Supercommittee Failure Could Cut Millions from Md. Budget - Southern Maryland Headline News

Supercommittee Failure Could Cut Millions from Md. Budget


WASHINGTON—The congressional supercommittee has failed, and now Maryland could face as much as $150 million in cuts to its 2014 budget, including millions in lost funding through federal education and health care programs, state experts say.

And that's not all. Maryland's defense and federal work force could be in jeopardy through mandated cuts to defense and other federal programs.

"Defense spending—that means jobs in Maryland," said Rep. Dutch Ruppersberger, D-Cockeysville, who sits on the House Armed Services Committee. "It would clearly be very hurtful to our economy."

The supercommittee, officially known as the Joint Select Committee on Deficit Reduction, was charged with cutting more than $1.2 trillion from the federal deficit over 10 years. It was to submit a plan by Wednesday, but members gave up in frustration on Monday.

The Maryland Department of Legislative Services laid out the consequences of failure in a briefing last week, outlining cuts to the state budget based on the supercommittee's impasse. Congress mandated across-the-board "sequestration" cuts be imposed should the joint committee fail to meet its obligation.

"We're staying in tune to what's happening on the federal level," said Takirra Winfield, Gov. Martin O'Malley's deputy press secretary. "Most of the impact, I believe, would affect a lot of the local programs."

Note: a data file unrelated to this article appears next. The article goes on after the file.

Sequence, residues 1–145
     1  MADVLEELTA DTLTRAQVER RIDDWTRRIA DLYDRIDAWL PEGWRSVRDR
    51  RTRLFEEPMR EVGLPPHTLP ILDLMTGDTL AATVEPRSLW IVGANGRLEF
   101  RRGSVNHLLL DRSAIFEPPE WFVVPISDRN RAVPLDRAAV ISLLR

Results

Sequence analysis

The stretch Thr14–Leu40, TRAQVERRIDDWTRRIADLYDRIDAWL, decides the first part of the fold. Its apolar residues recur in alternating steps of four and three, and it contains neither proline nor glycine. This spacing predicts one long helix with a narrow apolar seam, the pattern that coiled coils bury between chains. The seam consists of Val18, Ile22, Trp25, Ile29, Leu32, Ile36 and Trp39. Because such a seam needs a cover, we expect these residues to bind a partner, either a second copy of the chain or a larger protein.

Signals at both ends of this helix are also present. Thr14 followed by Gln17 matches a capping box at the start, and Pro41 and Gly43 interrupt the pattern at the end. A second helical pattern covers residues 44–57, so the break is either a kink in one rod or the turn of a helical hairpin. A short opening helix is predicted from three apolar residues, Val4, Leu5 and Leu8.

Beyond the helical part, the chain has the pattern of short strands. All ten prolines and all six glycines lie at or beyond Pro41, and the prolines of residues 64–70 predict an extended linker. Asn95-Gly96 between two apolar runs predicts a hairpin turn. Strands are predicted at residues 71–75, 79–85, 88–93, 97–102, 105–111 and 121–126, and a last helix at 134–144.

Of $9.3 billion in federal funding Maryland currently receives, about 20 percent could be subject to the mandated cuts—including funding for special education grants, child support enforcement and some low-income housing vouchers, according to the state report. Predictions could change, but Winfield said the low estimate for 2014 budget impact is $130 million.

States like Maryland, with high concentrations of federal employees and contractors, could feel an even deeper sting when $600 billion in defense spending and $600 billion from other federal agencies is lopped from budgets over the next 10 years.

Reaction from Maryland and elsewhere includes plenty of finger pointing and mirrors the type of bickering that led to the threat of government shutdowns earlier this year and the downgrading of the nation's credit rating this summer.

"This was doable, and the American people are justified in being disappointed that the supercommittee could not put aside partisan differences to seek a compromise," Sen. Ben Cardin, D-Md.—who called himself an optimist last week—said Monday.

Supercommittee member Chris Van Hollen, D-Kensington, blamed the Republicans. They were unwilling to budge on taxes, he said, and presented a plan that did nothing for jobs creation. Some Republicans on the panel knew their plan lacked balance yet failed to compromise.

Republicans, including Maryland Rep. Andy Harris, R-Cockeysville, said Democrats are at fault for pushing tax increases over spending cuts.

As Thanksgiving approaches, Sen. Barbara Mikulski, D-Md., said Marylanders see uncooperative congressman as "turkeys."